When deciding what research is going to be conducted, he said, community partners must be involved. Not only should they be involved in deciding whether the research makes a difference in people’s lives, they should help decide whether it makes a difference in their lives according to what matters to the community.

“In picking research questions, we’ve typically begun by considering the importance of the science, and what we learned is that may not really be what matters to the people whose interests we’re here to serve,” Rahn said.

He said he hopes UAMS’ relationships with communities have matured to where they feel empowered to tell researchers the problems they want to tackle.“I thank you for being engaged with us,” he said. “I really want to challenge all of us to get this to the level where you are not just helping us with projects we decided to do, but that you’re actually bringing questions to the table that you need answers to because it’s your community, it’s your lives, and then we respond to that.”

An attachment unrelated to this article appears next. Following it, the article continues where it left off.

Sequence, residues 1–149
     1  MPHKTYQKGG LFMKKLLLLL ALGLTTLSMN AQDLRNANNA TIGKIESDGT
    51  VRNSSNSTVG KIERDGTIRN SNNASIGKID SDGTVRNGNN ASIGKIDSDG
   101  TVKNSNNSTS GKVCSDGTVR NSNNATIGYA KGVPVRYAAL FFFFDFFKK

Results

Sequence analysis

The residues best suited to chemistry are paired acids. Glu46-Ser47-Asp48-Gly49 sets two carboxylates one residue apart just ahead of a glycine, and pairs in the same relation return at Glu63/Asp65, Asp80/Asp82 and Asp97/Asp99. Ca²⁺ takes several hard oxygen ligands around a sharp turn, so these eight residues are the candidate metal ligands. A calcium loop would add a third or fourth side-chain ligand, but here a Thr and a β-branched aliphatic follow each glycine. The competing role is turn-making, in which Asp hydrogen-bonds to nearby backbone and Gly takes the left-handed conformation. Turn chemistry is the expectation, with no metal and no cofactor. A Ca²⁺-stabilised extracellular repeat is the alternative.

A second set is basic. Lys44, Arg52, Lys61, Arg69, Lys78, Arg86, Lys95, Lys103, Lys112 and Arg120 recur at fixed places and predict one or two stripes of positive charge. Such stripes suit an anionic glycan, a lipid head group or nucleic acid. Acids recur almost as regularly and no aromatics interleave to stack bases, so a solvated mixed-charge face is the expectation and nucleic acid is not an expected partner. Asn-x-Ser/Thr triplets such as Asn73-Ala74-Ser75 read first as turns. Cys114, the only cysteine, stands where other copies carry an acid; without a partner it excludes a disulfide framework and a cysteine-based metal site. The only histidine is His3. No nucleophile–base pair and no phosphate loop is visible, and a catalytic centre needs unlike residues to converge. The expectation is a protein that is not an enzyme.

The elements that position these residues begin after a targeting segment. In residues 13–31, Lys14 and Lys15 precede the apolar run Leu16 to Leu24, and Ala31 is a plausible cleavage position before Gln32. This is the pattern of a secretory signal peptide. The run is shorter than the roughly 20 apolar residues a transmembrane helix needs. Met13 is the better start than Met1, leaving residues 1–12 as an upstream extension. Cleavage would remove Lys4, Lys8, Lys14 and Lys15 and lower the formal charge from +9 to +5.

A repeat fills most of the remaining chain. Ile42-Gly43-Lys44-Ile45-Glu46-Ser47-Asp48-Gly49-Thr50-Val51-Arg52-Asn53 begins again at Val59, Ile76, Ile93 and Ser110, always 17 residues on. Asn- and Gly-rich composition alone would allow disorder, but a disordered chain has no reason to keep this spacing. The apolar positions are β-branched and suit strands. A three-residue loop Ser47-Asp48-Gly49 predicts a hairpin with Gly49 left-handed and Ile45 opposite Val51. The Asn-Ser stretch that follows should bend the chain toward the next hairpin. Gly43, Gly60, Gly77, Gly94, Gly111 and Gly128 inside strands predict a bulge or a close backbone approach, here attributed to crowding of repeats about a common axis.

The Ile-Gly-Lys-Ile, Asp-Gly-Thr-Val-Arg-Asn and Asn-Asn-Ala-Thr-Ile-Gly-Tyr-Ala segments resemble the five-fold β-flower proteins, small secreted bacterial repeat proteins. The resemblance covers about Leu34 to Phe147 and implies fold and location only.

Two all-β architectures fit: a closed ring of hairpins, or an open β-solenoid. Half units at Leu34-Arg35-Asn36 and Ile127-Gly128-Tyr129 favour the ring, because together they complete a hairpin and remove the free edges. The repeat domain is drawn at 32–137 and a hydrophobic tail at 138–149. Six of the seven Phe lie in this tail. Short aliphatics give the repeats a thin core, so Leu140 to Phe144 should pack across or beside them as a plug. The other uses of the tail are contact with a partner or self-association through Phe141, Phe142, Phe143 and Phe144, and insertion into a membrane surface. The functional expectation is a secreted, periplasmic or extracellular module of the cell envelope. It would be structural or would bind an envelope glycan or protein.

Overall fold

“I thank you for being engaged with us,” he said. “I really want to challenge all of us to get this to the level where you are not just helping us with projects we decided to do, but that you’re actually bringing questions to the table that you need answers to because it’s your community, it’s your lives, and then we respond to that.”

Rahn selected Tri County for the Chancellor’s Community Research Partner Award after the list of nominees was narrowed to two by reviewers at universities outside Arkansas.

Tri County has served as the formal community partner on a grant from the National Institutes of Health National Institute for Minority Health and Health Disparities to study the role of community health workers in engaging minority community members and organizations in research.